So before you can have chemo, they (usually) do surgery to put a tube into your chest/arm so they don’t have to keep poking needles into veins. This is called a Hickman/PICC line, and I don’t think I explained it very well earlier. You keep that tube in for the duration of treatment (months).
You have to go into hospital on set days. It is given in ‘cycles’ which are 28 days long, and you might have to go in three times the first week and once the second week, for example, and then you get two weeks off to recover. At my clinic, you turn up in the morning, they take your vitals, and then two nurses check that the chemo is right (because if you get the wrong stuff you’re pretty much screwed) before they hook it up to your central line. It can feel very cold when it goes into the vein.
Then basically you sit there for a few hours, attached the drip, to let it all go in. If you are having more than one kind of chemo that day, it takes even longer. The side-effects are usually pretty quick. They vary a lot depending on the type of chemo. Most people get nausea (and there are anti-sickness pills to help with this, but they aren’t fullproof). You get very tired. Food tastes funny, especially if it’s sweet. Pain in muscles and bones is another common one.
When it’s done, you’re allowed to go home again. Some people need a wheelchair to get back to their cars. The side-effects are usually worse for the first day after each chemo. Hair starts falling out after a few weeks, slowly at first, and then a lot faster. Most people shave their heads because it’s such a pain washing your pillowcase everyday. The hair literally gets everywhere. You also lose leg hair, etc, but eyebrows stay for most people. Idk why.
Mouth sores usually happen at some point during treatment, and that makes it painful to eat, drink and sometimes talk. There are problems with thinking, memory and concentration. You get really weak and sleepy a lot of the time. If you are having steroids (pills to take with meals, which a lot of people are given alongside chemo), then you get really, really hungry and often grumpy. They can keep you awake all night at high enough doses.
I was bed-ridden within an hour of being diagnosed, because they started medicating me that quick. It’s often not the cancer that gets you. It’s the chemo. A lot of people will be up and walking about just fine, and then have some more chemo and end up bedridden for a few days, and then be fine again. There are good days and bad days. If you get an infection at any point, you’re gonna be bedridden until it’s gone again.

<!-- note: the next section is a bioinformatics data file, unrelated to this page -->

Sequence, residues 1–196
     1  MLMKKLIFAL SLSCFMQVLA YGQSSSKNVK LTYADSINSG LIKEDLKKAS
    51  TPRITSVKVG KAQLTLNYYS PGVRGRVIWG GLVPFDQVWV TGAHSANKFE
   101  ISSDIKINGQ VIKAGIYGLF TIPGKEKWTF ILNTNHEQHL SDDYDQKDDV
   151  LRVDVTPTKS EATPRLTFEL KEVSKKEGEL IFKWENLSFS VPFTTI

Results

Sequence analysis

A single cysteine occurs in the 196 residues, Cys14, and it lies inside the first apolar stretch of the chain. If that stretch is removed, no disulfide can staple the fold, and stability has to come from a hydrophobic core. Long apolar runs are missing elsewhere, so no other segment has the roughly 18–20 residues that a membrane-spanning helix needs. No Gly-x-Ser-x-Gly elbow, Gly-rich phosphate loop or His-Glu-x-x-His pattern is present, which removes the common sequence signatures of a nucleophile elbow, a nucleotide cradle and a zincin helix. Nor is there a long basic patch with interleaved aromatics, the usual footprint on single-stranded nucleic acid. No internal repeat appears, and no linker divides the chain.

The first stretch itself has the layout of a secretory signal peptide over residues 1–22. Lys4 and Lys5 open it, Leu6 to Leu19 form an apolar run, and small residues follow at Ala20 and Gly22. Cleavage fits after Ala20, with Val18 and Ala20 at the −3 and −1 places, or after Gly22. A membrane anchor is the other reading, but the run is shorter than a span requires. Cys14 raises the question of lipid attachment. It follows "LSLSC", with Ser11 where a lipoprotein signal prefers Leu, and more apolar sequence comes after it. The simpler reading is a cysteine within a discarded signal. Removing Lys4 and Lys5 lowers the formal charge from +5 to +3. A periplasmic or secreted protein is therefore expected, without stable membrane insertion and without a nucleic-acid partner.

If you do spend large periods bedridden, you’re going to lose muscle mass and stamina, and even when chemo is finished, people have a hard time going back to their usual activities. You have to build up to it.
The precautions are usually because of lowered immunity.
- Avoid anyone who is sick, because you can catch it.
- Avoid public places where someone could cough on you (especially during corona, I mean, I doubt many chemo patients are leaving the house atm).
- Be careful with takeaways because if you get food poisoning, you’re screwed. I was warned off fast food specifically. Make sure things like chicken are very thoroughly cooked.
- Don’t shower, and if you take a bath, you have to be careful not to get any water on your central line. You have to put a bag over it. The lines get infected very easily.
- Avoid any dangerous activities, like horse-riding, and heights because hitting your head while on chemo can make you bleed into your brain. Which is bad, for obvious reasons.
- Drink a lot of water.
Like I said, chemo is organised in cycles. I had four cycles - so four months straight. They don’t tend to give you breaks in between, unless you get a nasty infection and need time to recover. I would go in Monday to Friday the first week, Monday and Wednesday the second week and then have two weeks with no chemo, and that would be one full cycle. The next month you do it all over again, usually in the same pattern. Steroids are taken for the first two weeks of each cycle.
It’s all really complicated, honestly. And if you decide on a particular kind of cancer to use, I can help find what particular cycles and drugs they would use for that. But you probably don’t need to go into that level of detail. Most chemo cycles involve at least three drugs and even the patients themselves might not know what they are.